Case Study #3
Stone Court Villa – Capillary Mat Radiant Cooling System
The architect's concept was to snake stone walls through the existing mesquite and washes of a 10-acre desert site, capturing tranquil courts that awaken all the senses from the sound of running water to the smell of jasmine. One often overlooked but palpable aspect of the sensory experience is temperature control, which in the Sonoran desert can range from scorching summers to freezing winter nights.
While Stone Court Villa presents a tough yet honeycombed 3-inch thick skin of white Mexican travertine on its surface, an invisible filigree of capillary mats embedded in the ceilings above and a radiant temperature control system in the floor below channel the sap of life through slabs of concrete and plaster to maintain a quiet, constant and comfortable ambient temperature throughout the home.
The client also wanted freedom from the conventional hum of forced air for climate control. This type of home had only been attempted in Arizona once before by Dave Scheatzle, an ASU professor, architect and environmental control specialist who pioneered methods to achieve radiant cooling in the 1980s. The architect called us in to help because he knew that we’re obsessed with pushing boundaries in technique and technology. As we revisited Professor Scheatzle’s research nearly 30 years later, we were thrilled to tie all the systems together with smart technology that wasn’t readily available in the 80s. Sometimes good ideas just take patience to come to fruition.
“We like clients who are attracted to innovation,” says 180 Degrees Design + Build’s Principal Architect James Trahan AIA, who was also the construction and BIM modeling lead on the project. “Anyone can put flex duct in a room, but we’re driven by the thrill of innovation.”
Research & Development Through Prototyping
The client allowed us to do a full scale mockup on one of the caretakers’ quarters which let us experiment before committing to a solution. We discovered that we needed access to the perimeter of one side of each room’s ceiling for supply line maintenance, so we included a 3-inch wide metal panel on a piano hinge that’s flush with the plaster. This operable panel played a critical role in allowing access to our dew point sensors that controlled the system should our humidity rise to an unacceptable level that could create condensation.
The full scale mockup provided an incredible testing ground for our team, allowing us to run significant real-time tests to uncover any flaws with this very complex system.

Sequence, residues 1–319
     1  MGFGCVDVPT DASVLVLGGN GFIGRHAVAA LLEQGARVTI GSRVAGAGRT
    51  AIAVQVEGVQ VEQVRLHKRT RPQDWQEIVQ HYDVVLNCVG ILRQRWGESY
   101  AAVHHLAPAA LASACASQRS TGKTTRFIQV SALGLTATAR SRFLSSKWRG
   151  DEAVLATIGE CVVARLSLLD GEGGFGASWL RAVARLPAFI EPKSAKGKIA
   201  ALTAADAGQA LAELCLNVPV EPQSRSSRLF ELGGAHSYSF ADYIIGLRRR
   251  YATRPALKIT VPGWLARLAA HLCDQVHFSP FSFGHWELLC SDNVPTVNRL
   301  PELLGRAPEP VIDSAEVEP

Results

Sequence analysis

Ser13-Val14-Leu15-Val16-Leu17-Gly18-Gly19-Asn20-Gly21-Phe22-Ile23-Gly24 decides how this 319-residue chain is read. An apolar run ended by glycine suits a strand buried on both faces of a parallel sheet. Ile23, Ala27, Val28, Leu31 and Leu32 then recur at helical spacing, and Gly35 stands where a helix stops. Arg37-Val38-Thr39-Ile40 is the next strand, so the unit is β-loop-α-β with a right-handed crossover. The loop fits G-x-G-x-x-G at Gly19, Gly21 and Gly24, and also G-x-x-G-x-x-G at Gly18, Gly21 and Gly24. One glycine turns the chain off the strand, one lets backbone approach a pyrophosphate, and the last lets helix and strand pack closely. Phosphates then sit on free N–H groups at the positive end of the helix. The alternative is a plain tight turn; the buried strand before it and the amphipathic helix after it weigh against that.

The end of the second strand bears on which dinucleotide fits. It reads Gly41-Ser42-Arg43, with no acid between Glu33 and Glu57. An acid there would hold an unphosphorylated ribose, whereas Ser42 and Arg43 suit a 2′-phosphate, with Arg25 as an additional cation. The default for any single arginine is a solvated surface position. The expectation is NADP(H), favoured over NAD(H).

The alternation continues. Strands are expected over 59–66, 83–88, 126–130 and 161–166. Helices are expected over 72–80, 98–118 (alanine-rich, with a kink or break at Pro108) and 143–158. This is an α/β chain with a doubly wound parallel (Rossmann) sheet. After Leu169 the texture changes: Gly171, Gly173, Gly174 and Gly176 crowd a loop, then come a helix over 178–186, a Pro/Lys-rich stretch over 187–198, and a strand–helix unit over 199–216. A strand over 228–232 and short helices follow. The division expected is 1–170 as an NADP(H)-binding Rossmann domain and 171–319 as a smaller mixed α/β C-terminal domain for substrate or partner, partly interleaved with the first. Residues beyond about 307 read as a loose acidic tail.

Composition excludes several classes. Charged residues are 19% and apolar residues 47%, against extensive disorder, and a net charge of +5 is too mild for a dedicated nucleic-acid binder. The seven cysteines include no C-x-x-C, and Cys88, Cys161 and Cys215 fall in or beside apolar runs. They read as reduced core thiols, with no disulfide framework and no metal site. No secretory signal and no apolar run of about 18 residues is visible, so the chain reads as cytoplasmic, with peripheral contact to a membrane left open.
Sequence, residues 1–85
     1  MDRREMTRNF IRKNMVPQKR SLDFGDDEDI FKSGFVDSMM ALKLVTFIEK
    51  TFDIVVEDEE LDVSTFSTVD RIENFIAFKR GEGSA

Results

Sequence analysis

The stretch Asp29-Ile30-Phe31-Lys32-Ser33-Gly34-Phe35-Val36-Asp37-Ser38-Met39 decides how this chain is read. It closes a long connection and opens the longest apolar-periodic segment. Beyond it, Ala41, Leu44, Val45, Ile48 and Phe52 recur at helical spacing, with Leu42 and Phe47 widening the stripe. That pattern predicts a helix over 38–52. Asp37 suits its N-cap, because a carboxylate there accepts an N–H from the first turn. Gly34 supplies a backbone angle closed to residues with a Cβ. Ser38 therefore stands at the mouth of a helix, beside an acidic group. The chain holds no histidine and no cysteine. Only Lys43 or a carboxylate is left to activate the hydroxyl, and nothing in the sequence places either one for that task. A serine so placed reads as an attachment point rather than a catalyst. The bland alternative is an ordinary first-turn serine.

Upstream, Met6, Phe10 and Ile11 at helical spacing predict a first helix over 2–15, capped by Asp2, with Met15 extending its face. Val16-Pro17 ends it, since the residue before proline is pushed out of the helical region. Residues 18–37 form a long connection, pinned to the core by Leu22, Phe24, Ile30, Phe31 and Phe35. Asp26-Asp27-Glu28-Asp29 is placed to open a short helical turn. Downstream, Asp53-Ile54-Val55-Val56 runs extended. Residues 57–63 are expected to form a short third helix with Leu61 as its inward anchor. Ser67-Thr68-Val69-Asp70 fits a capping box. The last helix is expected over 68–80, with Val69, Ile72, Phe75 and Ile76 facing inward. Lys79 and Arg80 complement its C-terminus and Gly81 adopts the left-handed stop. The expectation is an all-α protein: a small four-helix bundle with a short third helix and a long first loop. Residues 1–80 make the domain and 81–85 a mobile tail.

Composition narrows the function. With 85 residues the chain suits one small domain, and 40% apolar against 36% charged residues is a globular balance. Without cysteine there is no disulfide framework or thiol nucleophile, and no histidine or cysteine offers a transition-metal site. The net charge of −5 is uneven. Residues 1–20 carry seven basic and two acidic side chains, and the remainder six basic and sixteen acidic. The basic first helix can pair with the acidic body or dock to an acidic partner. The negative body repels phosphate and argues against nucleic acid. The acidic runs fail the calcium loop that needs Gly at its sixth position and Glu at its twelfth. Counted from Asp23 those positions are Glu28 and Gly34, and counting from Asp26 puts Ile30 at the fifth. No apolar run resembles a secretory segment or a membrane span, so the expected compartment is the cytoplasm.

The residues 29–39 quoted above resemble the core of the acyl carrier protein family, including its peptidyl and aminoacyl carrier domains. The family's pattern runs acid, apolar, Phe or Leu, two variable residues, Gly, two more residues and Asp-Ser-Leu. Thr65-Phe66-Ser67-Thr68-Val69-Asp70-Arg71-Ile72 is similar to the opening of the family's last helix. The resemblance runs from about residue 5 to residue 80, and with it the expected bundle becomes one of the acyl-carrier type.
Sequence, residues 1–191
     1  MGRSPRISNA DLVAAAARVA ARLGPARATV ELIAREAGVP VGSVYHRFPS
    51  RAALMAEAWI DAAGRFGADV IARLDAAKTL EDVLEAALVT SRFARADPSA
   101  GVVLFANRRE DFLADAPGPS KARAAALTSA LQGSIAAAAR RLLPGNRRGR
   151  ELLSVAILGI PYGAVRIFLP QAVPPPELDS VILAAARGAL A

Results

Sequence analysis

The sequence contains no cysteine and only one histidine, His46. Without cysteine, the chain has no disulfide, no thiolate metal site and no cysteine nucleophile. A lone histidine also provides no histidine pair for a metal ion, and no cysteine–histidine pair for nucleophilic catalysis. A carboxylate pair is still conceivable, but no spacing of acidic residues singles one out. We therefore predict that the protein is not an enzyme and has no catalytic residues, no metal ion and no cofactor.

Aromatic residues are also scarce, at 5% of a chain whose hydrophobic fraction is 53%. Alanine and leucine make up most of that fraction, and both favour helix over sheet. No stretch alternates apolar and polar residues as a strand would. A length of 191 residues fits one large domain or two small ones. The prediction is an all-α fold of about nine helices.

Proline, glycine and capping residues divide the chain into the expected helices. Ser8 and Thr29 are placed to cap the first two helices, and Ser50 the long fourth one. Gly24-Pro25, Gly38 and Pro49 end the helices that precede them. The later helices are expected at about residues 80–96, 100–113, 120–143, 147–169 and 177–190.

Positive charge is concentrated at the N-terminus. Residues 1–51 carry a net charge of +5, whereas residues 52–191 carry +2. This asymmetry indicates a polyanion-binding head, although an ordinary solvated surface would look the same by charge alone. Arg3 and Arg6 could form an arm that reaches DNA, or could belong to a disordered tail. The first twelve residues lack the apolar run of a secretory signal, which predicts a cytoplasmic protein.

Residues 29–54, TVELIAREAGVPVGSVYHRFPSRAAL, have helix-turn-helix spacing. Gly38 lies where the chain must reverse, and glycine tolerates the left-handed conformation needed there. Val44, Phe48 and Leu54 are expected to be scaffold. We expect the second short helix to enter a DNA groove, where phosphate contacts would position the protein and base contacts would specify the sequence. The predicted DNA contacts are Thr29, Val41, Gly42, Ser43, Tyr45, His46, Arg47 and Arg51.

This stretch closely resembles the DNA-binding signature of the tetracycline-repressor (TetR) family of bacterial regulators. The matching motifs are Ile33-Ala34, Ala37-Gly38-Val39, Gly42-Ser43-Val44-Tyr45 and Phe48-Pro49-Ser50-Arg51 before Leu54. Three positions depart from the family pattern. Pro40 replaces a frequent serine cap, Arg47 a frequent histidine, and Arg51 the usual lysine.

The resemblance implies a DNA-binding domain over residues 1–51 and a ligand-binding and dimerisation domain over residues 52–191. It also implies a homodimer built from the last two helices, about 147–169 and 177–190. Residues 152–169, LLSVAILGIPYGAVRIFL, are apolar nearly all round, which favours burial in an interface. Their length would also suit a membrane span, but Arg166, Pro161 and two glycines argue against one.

Upon completion of our full scale mock-up we realized that the mechanical team that we originally selected were not cable of executing such a complex mechanical system and two that we needed to take the lead on the fabrication and installation process.
After all components were digitally modeled, we set our task to model every pipe, fitting, sensor, and control devices. We instructed out new mechanical sub to build exactly from our digital model and to not deviate any dimension more than one quarter of an inch. This model allowed the subcontractor to pre-componentize all parts prior to visiting the jobsite. This mass customization process worked as planned and installation went smoothly.
Through the mock-up process we also determined that installation would be much quicker if we pre-fabricated each mat on a room per room bases. These drawings were extrapolated to excel spreadsheets that create order lists for all mats used on the project. The drawings and spreadsheets were sent to Germany for fabrication.
The client’s role as a patron of innovation was critical; they were willing to invest in the research and development for the concept to make it work. They view the process as their contribution to the advancement of technology.
Great care is taken to protect adjacent building components, as well as protect installed components as soon as they are completed. Our scheduling overlays always strive to stagger subcontractors so that each can focus on their task at hand without the aggravation of working around others in the same general area.
We solved the client’s request for noise-free climate control by embedding capillary mats directly in the plaster ceilings. By maintaining the ceiling plane at a constant 60 degrees, heat is then drawn away from the body. The capillaries are filled with water, which is more efficient than air for heat transfer.
"It feels like a cave,” James marvels. “It’s one of the most comfortable sensations of cooling that you’ll ever experience."